A further development, or respectively an alternative, provides that the sectional support has a blowoff conduit, and that the blowoff conduit is pneumatically connected with the exhaust air conduit by means of a check valve, in particular a slide. If this check valve is closed, the air present at the propellant nozzle is exhausted from the suction connector via the narrowed part, since it cannot escape via the exhaust air conduit. By blowing the compressed air out of the suction connector, the aspirated object can be released relatively quickly from the suction gripper, which is expressed by the technical term "blowing off".
A variation provides that the sectional support can be divided by means of cut-off plugs for the conduits into discrete sections, which can be individually actuated. In this way it is possible to aspirate several objects and to manipulate them independently of each other by means of a single sectional support. In this case the individual propellant nozzles are connected via different check valves to a common compressed air conduit in this embodiment.
A further development provides that a sensor which detects a vacuum is provided which, as a function of the detected vacuum, connects the propellant nozzle with the compressed air conduit. The vacuum prevailing in the suction gripper is detected by means of this sensor, and the connection to the compressed air conduit is interrupted, if the desired vacuum prevails in the suction gripper, i.e. if the object has been aspirated. Compressed air can be saved in this way. If the vacuum in the suction gripper drops, which can be the case when aspirating objects with uneven surfaces, or in case of damaged suction grippers, for example, the connection is automatically reestablished.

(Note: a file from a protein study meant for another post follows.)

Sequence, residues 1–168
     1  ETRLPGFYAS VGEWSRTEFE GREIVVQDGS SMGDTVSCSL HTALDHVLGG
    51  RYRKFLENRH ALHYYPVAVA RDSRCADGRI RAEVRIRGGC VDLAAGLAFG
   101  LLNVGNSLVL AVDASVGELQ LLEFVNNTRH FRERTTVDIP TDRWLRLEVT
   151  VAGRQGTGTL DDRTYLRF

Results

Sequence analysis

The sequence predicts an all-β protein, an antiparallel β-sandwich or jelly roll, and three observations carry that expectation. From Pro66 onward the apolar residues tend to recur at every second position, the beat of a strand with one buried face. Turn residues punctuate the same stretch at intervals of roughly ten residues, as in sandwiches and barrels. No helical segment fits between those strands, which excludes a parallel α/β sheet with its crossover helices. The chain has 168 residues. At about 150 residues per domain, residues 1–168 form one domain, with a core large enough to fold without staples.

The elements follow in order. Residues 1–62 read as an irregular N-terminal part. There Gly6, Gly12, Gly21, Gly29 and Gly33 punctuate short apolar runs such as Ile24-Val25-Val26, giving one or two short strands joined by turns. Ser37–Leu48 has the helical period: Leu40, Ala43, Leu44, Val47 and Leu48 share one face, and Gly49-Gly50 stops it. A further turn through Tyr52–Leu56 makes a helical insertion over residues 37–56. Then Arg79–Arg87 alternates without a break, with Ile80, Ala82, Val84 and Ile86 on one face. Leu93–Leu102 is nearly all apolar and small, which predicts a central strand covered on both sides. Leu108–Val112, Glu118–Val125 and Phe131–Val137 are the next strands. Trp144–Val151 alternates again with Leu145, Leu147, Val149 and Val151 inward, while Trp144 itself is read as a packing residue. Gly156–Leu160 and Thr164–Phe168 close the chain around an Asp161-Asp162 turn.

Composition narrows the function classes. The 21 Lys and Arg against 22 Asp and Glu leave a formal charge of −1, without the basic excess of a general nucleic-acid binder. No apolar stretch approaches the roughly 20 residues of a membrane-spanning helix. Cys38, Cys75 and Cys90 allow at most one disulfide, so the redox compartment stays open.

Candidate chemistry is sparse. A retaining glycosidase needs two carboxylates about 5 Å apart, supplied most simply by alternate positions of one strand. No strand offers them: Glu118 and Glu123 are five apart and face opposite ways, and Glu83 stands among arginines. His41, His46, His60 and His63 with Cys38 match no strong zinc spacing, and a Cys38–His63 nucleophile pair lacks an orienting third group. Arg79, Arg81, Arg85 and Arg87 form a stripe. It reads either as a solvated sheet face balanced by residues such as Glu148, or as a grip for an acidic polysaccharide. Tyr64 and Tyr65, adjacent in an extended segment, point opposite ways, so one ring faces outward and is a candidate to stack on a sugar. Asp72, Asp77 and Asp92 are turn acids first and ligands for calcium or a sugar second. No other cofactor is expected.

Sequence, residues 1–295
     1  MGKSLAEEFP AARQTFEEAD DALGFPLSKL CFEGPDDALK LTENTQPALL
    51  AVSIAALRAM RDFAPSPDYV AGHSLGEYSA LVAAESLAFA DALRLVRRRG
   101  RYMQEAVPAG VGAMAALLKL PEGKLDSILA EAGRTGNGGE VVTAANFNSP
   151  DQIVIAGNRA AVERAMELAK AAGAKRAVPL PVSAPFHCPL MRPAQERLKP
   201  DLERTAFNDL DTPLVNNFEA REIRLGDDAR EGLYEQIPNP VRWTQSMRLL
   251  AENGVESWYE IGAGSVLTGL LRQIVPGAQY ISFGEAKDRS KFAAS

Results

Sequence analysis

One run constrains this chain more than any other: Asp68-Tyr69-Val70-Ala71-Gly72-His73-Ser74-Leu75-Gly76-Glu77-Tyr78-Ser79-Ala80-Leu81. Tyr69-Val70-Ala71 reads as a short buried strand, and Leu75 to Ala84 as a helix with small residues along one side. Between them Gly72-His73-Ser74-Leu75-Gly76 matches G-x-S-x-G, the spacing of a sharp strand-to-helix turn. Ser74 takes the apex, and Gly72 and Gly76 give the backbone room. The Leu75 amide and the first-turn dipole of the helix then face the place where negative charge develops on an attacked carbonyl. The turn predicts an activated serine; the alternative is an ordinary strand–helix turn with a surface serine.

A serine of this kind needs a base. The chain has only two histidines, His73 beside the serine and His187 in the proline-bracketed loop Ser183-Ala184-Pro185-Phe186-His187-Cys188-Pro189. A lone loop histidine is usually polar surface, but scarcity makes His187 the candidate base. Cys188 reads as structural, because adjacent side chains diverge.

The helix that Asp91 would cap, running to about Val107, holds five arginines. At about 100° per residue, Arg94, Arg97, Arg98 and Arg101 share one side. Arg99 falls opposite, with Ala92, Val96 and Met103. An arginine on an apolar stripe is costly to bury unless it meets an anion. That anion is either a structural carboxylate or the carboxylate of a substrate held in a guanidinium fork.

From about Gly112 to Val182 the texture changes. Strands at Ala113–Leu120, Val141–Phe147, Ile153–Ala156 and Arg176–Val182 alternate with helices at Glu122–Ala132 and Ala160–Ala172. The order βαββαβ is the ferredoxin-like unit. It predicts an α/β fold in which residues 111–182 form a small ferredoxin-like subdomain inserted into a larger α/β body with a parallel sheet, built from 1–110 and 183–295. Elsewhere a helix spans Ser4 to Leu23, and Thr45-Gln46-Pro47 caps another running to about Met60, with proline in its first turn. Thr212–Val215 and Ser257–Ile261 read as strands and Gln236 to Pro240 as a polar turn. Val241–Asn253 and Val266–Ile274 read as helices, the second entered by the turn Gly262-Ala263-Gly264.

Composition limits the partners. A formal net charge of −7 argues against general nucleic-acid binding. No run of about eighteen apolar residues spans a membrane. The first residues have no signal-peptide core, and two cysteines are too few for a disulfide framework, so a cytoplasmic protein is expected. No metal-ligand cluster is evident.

An advantageous embodiment of the present invention provides that the sectional support is designed as a support beam for suction grippers connected with the suction connector. In accordance with a preferred exemplary embodiment, the suction grippers are screwed into the support beam and therefore directly connected with the suction connector. In this exemplary embodiment the sectional support is used as a suction cross bar, by means of which the objects to be grasped are directly aspirated and manipulated.
A muffling device, in particular a foam material, is preferably provided in the exhaust air conduit. This foam material, for example in the shape of molded parts such as coils and the like, can be directly inserted into the exhaust air conduit, because of which the noise of the exhausted air is already muffled in the exhaust air conduit. Possibly no external muffler will be required at the outlet of the exhaust air conduit.
Further advantages, characteristics and details of the present invention ensue from the claims as well as the following description, in which particularly preferred exemplary embodiments are described, making reference to the drawings. Here, the characteristics represented in the drawings and mentioned in the specification and the claims can be important for the present invention respectively individually or in arbitrary combination.